With a deep-seated yearning to enjoy the pleasures Europe holds, graduating high-schooler Grace (Gomez) receives her diploma, packs the last necessary items into her bag, and is all set to go to Paris France with her older, flighty best friend Emma (Katie Cassidy). Plans are thrown for a loop when suddenly, Mom (Andie MacDowell) and Grace’s step-father decide they want the two free-spirited girls to have a little more stability so they send along Grace’s straight-laced, more conservative soon-to-be step-sister Meg (Leighton Meester). Emma is only too pleased to be leaving since she is having a spat with her hometown, but devoted boyfriend (Cory Monteith) while Meg is currently studying business in college, and according to everyone but her could use a break. Even though Grace is the only one who has been dreaming of this moment since middle-school, she begrudgingly realizes that the only way this trip will still happen is with Meg tagging along… so with an upgrade to first-class, off the girls go.
Stopping at the Eiffel tower during one of the BORING, droning tourist informational lectures, the girls find themselves left behind. Upset and claiming all responsibility that the other two girls were dragged into her dream, Grace randomly wanders the streets with her companions, confused at her surroundings, and while slipping into a posh hotel during a rainstorm, Grace is mistaken for a wealthy heiress! Stunned at first, and in spite of their own conscious speaking in the form of Meg, the girls accept the all-inclusive trip to Monte Carlo… which was meant for the British heiress Cordelia (dually played by Gomez).
Anyone who has dreams of someday visiting such treasured sights will get an eyeful of beauty in this production. Beauty that seems all the more realistic because the filming actually took place in many of the recognizable locations and those that did not were still at some exotic locales. Contrary to what some people may think, this movie features some lovely scenic treasures – and we don’t even have to go through the hassle of airport shenanigans; how great is that!? Simple things like a nighttime shot of the Eiffel tower through a bedroom window or a wide perspective shot from the balcony boasting the entire city make the movie impressive by its own right. In that, the movie excelled – but of course, being on location in the “City of Lights” only fueled the movies' tendency towards romantic sensibilities. Some of the filming is a little awkward, and some scenes called for a different angle or would have benefited from an altered set-up, but mostly, everything remains charming. I loved that the movie retained such a picturesque experience even in its impractical moments. (If you have an adverse reaction to sappy sentiments… well, this movie is chocked full of such notions.) Its script is overflowing with mushy sections that lead to flowery dialogue… and, even still, the film is wonderful.
Believe it or not, the three girls make the characters interesting, even if they don’t have that much depth – and Selena holds her own against the older Katie and Leighton. I appreciated that there was an age difference between the characters since Selena is several years younger than her co-stars, and that all three of them were older to begin with. (And, all the guys are cute, too while being appropriately respectful of their female counterparts. And Glee fans will likely be thrilled with Cory’s appearance.) Everyone’s respective accents constantly slip, but Katie pulls off a decent Texas drawl while Selena manages a convincing British lilt when she is stepping into Cordelia’s shoes – as Cordelia. Nevertheless, it probably doesn’t send the best message for promoting safety in foreign travel since the girls separate for one night and spend it out “on the town.” Meg hangs out with a guy she hardly knows and is invited to go elsewhere with him. Nearly all the clothes were pretty (I loved Meg’s pink ball gown. I don’t know where I’d wear it but I really want it! LOL!). Nothing should keep any potential viewers from seeing this. If you think that this is merely for the enjoyment of young girls, I think you might find there is a pleasant surprise in store. Similar to Letters to Juliet or Leap Year, it’s just a pity Monte Carlo didn’t put up a stronger showing in theaters because it’s reminiscent of wholesome entertainment – a rare commodity in Hollywood today. See this with your little sisters or mom (mine loved it) and be swept away on an adventure. And, now I’ve used nearly every descriptive adjective… you decide if this jewel (ooops – guess I did miss one!) is worth it: I can almost guarantee you’ll be smiling as the credits roll.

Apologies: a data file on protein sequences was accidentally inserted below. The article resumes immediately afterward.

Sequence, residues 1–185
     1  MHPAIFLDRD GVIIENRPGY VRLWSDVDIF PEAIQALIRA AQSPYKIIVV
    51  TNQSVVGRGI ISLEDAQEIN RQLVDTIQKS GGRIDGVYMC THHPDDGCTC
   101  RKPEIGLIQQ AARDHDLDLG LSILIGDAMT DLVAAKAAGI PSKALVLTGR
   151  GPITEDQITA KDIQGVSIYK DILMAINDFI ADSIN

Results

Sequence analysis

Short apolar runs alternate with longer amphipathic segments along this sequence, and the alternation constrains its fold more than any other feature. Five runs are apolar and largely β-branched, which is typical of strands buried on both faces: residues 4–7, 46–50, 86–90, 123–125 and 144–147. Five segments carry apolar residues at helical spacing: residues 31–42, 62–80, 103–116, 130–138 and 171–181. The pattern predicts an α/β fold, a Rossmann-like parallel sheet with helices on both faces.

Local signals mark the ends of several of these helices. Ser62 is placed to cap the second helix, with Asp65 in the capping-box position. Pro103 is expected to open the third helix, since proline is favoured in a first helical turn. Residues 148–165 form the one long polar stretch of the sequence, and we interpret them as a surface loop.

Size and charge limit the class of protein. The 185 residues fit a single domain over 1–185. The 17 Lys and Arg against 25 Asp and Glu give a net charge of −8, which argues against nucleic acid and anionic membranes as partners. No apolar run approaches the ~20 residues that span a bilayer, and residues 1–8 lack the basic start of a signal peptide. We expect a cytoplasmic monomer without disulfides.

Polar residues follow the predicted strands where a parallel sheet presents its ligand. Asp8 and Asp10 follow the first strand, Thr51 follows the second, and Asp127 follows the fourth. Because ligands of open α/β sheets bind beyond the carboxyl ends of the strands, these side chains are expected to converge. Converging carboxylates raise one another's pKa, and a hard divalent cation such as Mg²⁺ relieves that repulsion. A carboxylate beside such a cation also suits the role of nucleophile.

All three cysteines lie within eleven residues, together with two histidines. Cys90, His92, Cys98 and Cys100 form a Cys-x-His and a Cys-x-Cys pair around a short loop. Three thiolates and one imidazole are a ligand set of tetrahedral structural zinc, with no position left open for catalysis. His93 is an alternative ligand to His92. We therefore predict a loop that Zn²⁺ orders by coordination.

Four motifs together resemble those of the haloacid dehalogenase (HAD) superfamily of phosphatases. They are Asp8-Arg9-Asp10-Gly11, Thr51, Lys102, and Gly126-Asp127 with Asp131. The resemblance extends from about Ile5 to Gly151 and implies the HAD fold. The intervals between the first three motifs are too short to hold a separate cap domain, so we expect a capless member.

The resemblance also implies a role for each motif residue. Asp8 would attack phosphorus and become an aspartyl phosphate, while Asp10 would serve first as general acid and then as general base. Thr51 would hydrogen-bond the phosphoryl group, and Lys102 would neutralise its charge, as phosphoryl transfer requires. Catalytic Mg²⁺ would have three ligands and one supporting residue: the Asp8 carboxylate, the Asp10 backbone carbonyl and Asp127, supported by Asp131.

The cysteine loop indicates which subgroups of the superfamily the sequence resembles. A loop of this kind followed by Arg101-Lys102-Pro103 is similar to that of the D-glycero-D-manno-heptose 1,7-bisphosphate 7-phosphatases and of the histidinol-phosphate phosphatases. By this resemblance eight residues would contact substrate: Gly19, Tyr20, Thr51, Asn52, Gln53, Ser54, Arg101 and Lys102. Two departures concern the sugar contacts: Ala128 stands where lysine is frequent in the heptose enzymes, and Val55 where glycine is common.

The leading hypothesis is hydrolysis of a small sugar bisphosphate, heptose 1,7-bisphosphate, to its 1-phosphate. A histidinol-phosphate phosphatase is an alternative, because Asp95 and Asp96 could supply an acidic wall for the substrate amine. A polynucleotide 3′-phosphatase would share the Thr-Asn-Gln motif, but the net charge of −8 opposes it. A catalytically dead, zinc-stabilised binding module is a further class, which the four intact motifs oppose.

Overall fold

Monte Carlo arrives on DVD this Tuesday, October 18th.
(Cautions consist of some immodest clothing. There are a couple of chaste kisses; Emma tells Meg off by using a milder visual version of “kissing a**.” One use of a** is present, and a handful of milder slang words. One-time conversation suggests Cordelia has been a bit of a scandal. Monte Carlo is rated PG.)